Leading index bolsters second half expectations

A monthly index forecasting economic performance in the United States continues to rise, in turn bolstering the outlook for the second half of the year.

The Conference Board reported that its Leading Economic Index rose six-tenths of a percent to 123.6 in June. Separate measures of current and past economic activity also increased.

“The upward trend in the U.S. LEI seems to be gaining more momentum with another large increase in June, pointing to continued strength in the economic outlook for the remainder of the year,” said Ataman Ozyildirim, an economist with the Conference Board, a business research and membership association.

An increase in residential building permits bolstered the index, Ozyildirim said, while such labor market indicators as the average workweek and initial claims for unemployment insurance remained unchanged.

The index has increased 2.1 percent over the past six months. That’s slower than the 3.2 percent gain over the previous six months, but the strengths of the components of the index have become more widespread.

Gross domestic product, the broad measure of goods and services produced in the country, contracted two-tenths of a percent in the first quarter of 2015 after expanded 2.2 percent during the fourth quarter of 2014.

For June, six of the 10 components of the leading index advanced: building permits, consumer expectations, interest rate spread, a leading credit index, a new orders index and new factory orders for capital goods. Stock prices declined. Average weekly manufacturing hours, average weekly initial claims for unemployment insurance and new factory orders for consumer goods all remained unchanged.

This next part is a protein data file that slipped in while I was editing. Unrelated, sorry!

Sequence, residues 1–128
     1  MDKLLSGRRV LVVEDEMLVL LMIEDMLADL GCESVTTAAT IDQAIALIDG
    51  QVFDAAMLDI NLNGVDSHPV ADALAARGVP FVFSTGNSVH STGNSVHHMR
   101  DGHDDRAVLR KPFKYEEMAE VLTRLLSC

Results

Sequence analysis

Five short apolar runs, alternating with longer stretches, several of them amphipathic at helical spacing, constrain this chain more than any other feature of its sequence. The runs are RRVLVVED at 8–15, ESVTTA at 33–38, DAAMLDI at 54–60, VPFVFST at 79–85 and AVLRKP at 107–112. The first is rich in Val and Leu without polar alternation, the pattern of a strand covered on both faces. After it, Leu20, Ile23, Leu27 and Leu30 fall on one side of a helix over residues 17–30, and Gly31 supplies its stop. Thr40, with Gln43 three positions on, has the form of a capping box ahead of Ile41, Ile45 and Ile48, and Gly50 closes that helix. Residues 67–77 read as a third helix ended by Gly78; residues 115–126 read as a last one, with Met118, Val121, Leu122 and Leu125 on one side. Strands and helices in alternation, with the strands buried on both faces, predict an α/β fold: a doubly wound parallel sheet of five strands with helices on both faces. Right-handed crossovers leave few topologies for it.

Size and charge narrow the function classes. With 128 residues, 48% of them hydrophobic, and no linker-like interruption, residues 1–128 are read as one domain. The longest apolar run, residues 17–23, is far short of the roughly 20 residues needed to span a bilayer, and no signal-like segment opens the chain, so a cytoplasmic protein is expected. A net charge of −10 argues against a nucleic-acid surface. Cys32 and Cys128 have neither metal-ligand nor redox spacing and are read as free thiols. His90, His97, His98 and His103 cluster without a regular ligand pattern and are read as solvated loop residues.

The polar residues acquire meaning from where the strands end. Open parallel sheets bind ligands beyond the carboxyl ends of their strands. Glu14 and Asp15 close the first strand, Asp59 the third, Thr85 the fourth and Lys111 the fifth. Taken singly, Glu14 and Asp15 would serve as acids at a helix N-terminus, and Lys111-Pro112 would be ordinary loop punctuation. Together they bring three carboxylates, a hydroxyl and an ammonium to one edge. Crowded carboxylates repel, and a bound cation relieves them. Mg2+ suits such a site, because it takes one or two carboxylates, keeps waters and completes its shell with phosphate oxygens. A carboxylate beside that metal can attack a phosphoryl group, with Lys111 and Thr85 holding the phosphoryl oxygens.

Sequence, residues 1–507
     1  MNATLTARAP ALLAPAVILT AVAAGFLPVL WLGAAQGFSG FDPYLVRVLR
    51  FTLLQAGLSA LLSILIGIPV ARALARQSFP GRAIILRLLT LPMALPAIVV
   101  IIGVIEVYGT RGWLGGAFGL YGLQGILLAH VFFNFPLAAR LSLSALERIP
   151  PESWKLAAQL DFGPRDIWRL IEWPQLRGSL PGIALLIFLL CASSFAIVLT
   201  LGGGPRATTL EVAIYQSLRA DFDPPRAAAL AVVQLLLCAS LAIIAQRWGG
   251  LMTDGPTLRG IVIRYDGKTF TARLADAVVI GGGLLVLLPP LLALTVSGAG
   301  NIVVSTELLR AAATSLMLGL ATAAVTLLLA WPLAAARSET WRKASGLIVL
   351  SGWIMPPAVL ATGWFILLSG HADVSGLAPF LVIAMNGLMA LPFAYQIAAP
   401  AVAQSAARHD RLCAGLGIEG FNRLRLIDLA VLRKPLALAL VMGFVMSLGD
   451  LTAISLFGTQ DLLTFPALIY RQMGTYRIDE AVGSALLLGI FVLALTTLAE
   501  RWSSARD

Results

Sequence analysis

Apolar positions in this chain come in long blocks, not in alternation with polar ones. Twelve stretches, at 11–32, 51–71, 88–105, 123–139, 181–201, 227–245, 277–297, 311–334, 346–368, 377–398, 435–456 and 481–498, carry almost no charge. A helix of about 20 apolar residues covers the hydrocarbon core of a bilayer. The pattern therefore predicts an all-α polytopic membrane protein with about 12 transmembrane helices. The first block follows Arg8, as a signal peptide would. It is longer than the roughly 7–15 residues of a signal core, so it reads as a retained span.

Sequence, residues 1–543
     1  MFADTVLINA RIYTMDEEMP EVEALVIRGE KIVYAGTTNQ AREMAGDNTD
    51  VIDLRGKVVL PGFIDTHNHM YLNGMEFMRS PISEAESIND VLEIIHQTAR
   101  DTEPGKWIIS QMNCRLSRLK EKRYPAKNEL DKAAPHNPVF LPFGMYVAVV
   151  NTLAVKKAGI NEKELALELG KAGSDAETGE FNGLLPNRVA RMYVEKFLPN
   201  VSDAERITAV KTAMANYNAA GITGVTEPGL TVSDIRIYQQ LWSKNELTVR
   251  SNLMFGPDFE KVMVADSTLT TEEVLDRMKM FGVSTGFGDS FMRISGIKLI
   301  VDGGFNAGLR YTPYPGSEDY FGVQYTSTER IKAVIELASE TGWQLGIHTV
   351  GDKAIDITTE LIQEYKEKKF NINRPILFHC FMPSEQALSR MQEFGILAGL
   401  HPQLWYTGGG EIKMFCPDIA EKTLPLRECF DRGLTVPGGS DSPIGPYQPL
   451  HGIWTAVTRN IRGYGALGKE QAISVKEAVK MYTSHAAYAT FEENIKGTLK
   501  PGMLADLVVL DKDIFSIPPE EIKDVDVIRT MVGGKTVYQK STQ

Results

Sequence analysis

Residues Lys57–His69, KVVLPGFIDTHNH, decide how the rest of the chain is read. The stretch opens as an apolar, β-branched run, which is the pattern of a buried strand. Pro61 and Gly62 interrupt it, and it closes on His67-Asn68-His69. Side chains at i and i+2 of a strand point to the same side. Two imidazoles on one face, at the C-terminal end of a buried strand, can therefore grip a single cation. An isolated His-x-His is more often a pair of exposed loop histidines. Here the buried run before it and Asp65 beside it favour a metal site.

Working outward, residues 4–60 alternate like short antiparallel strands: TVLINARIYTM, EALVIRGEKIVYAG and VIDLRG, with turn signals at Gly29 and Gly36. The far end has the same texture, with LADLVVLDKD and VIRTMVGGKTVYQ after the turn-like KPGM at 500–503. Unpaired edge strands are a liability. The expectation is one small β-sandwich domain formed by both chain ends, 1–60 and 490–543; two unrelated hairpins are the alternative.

The Coincident Economic Index, a measure of current conditions, rose two-tenths  of a percent to 112.5 in June. The index has increased nine-tenths of a percent over the past six months.

For June, all four components of the index increased: industrial production, nonfarm payrolls, personal income and sales.

The Lagging Economic Index, a measure of past performance, rose seven-tenths of a percent to 117.6. The index has climbed
1 percent over the past three months.

For June, four of seven components of the index advanced, including consumer credit, commercial and industrial financing and the cost of services. A decrease in the average duration of unemployment also bolstered the index. Labor costs,  inventories and the average prime rate charged by banks held steady.